How a high quality public realm can improve community vitality. The appearance and condition of our public realm can inspire, invigorate, frighten or deflate us. Transportation infrastructure that is designed to be aesthetically rich, and offer a variety of social and community experiences, can foster civic engagement, encourage social connection, and strengthen community identity.
Lara’s talk was quite enticing! Although most of us in the profession know the many benefits that come with innovative street design, we often fail in trying to sell those idea to agencies. There is a reason why it takes so long to implement these changes at these kind of levels. For starters, we have grown with the car and dedicated most of our streets to the automobile. Additionally, the intact infrastructure is costly to replace. Lastly, there is a fear of change. However, what Lara was advocating for was not only hwo changed street benefit public life, but also for more research and how we articulate this argument for the public and agencies alike. The format of this presentation was thoughtful and convincing but because of the lack of supporting evidence for how these streets improve public life, change has been slow. I appreciated how she framed her argument to include users of all ages, which can improve community cohesion, build economic benefits, and in general, beautify and make place.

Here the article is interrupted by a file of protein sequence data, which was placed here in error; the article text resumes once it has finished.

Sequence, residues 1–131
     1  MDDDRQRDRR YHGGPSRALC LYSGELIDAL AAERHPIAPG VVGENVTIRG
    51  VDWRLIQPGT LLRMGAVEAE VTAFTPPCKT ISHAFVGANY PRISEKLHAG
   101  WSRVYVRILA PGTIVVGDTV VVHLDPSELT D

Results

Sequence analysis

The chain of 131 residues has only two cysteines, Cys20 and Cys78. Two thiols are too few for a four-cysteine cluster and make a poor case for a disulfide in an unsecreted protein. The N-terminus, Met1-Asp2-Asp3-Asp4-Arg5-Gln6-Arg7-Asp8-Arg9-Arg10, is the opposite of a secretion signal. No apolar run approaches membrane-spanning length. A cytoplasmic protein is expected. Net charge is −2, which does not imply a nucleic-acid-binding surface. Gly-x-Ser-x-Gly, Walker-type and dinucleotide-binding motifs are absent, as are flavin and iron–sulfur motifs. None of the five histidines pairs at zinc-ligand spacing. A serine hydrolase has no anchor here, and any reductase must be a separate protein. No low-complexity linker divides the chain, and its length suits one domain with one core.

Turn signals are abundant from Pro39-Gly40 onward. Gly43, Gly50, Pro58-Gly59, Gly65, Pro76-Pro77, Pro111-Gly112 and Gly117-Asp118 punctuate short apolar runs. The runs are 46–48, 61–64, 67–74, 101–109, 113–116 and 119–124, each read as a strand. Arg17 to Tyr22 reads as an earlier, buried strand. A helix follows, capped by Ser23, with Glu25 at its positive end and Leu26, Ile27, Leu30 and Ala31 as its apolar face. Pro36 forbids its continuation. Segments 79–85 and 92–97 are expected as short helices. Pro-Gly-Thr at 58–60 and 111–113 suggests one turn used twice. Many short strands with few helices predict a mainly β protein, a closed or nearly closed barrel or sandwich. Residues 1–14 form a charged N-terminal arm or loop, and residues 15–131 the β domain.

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As we’re often educated in courses throughout Wurster, streets provide multiple benefits to communities beyond simply efficiently moving people from point A to B. Yet, as Lara discussed in her presentation, perhaps our bigger challenge is figuring out how to communicate those messages to both diverse project teams and the general public. Her presentation did an excellent job at weaving together a story of the most essential ways that a well-design street benefits people, including social interaction, health, and sustainability.
For me, it was interesting to hear the interaction between Caltrans and academia, specifically in the reliance upon academic research to build a case for more of the social and health benefits of streets. It makes sense that that the stormwater and infrastructural research is more readily funded, especially as it has a more immediate monetary outcome to the street network.
Lara also did a good job at both exemplifying and reminding us, as soon-to-be landscape architects and planners, that our work needs to equally joined by a solid and clear message of its importance. Our drawings and models alone are not enough – but need to be coupled with a narrative that evokes a stronger understanding and willingness to work towards more comprehensive street design.